14. You may have to learn to respect each other’s roles

                  The great thing about stay-at-home parenting is that the working mother really appreciates what the father is doing. But it does not always work the other way round as you would have to swap roles for a while. Showing appreciation, asking each other about problems and having meetings to discuss budgets and other problems helps you to be more appreciative of just what is involved in running the home.

                  15. Get all the support you need

                  Whether you are just keeping afloat as a stay-at-home parent or planning a re-entry to work, you will need a great support team. How are the kids going to be involved in running the home? How can other family members and relatives help? You need to plan this from the beginning so that chores are always done from a very early age. It also takes a lot of the strain off you and can make your comeback to work all the less traumatic.

                  Let us know in the comments about your experience as a stay-at-home parent.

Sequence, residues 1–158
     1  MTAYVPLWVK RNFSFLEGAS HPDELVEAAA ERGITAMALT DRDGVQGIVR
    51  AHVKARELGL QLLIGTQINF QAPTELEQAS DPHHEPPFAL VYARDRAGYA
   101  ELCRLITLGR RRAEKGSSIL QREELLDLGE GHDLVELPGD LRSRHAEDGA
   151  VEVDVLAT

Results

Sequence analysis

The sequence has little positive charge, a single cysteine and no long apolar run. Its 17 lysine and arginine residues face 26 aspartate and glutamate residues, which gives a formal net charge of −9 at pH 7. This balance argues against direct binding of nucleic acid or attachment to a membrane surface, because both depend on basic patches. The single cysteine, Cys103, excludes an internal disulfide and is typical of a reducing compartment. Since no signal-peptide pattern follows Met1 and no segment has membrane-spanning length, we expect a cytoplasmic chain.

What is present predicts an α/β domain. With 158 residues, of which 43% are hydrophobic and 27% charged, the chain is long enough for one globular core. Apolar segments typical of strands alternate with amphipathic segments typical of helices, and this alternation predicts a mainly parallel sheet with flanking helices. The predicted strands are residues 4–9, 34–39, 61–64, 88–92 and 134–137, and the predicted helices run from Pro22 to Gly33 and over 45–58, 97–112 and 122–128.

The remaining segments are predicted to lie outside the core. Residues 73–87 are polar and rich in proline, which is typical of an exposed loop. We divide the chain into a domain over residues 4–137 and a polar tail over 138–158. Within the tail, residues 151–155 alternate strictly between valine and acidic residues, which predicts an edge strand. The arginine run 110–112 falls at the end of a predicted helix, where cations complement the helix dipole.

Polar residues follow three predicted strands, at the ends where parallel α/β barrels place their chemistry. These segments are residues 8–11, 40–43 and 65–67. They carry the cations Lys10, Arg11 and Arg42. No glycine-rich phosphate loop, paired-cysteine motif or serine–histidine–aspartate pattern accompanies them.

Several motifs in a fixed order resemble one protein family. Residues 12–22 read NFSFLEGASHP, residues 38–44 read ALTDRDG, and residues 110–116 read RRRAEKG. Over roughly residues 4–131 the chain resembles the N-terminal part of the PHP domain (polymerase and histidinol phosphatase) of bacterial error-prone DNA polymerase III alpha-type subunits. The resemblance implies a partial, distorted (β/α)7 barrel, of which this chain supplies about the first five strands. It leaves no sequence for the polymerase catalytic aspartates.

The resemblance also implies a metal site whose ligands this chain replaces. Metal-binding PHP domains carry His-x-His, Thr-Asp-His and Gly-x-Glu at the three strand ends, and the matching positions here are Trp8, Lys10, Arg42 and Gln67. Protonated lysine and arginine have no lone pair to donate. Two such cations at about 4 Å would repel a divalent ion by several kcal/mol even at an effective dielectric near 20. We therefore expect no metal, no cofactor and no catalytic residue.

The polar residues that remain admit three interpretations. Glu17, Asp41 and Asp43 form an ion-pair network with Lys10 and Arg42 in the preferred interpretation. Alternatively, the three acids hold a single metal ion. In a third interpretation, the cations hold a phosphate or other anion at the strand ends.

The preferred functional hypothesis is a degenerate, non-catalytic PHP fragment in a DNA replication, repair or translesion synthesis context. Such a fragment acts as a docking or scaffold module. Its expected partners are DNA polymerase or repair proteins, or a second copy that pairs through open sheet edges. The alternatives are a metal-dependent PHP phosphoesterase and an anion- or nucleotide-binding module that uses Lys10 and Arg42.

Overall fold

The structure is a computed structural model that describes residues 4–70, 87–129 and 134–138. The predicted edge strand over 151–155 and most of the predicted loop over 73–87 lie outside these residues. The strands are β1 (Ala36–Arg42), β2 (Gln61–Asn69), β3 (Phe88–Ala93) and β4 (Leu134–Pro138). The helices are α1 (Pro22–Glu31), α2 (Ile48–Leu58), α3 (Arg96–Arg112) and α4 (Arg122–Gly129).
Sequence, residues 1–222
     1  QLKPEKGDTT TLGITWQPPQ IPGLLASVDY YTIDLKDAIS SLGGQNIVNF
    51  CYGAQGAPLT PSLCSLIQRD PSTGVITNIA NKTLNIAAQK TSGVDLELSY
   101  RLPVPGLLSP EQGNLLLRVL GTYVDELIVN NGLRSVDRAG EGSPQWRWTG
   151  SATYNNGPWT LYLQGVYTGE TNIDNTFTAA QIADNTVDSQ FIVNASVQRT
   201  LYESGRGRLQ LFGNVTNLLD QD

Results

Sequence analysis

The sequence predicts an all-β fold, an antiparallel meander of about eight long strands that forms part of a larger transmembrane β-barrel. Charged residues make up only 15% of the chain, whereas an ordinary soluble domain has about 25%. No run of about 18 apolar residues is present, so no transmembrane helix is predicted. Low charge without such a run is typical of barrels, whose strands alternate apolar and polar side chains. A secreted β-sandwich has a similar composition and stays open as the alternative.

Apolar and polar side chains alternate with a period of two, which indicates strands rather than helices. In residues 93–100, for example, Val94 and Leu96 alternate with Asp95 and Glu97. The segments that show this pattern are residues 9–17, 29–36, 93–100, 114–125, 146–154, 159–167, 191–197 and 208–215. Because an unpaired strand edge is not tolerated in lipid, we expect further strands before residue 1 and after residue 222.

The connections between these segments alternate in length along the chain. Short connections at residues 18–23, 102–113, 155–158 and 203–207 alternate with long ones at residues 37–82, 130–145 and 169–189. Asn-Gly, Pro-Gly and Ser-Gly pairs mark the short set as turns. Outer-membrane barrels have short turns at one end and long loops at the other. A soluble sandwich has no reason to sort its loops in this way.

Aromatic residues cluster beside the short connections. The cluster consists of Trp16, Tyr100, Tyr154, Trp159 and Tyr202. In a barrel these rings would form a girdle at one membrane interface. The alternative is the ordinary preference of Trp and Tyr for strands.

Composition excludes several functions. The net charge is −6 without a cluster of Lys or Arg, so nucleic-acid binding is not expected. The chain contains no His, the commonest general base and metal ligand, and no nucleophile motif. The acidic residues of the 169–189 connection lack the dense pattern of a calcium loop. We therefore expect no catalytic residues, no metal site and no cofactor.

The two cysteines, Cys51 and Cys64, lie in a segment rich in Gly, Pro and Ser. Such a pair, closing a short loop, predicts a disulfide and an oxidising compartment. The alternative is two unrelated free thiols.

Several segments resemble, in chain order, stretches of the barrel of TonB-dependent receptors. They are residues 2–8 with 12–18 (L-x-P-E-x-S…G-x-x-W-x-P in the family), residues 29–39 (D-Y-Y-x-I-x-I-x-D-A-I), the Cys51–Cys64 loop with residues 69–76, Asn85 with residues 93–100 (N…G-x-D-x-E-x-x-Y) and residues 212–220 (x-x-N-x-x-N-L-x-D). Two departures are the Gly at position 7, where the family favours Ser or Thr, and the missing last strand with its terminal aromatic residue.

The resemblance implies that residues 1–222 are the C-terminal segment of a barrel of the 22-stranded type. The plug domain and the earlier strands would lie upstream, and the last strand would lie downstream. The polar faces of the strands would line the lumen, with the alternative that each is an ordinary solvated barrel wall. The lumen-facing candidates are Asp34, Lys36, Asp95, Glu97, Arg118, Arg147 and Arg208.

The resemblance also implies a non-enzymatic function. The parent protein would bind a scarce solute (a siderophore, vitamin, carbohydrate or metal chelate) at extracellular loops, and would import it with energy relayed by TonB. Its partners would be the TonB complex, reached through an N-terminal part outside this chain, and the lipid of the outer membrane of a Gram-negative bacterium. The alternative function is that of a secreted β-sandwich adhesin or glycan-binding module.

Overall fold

Featured photo credit: Father’s revenge/Aaron Brinker via flickr.com

                  More by this author

                  Robert Locke

                  Author of Ziger the Tiger Stories, a health enthusiast specializing in relationships, life improvement and mental health.

                  15 Signs Of Negative People 10 Reasons Why People Are Unmotivated (And Ways to Be Motivated) 10 Scientifically Proven Ways To Stay Happy All The Time Science Says Knitting Makes Humans Warmer And Happier, Mentally What Your Fear of Being Alone Is Really About and How to Get over It

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                  Published on November 14, 2018

                  Why You Suffer from Constant Fatigue and How to Deal with It

                  Why You Suffer from Constant Fatigue and How to Deal with It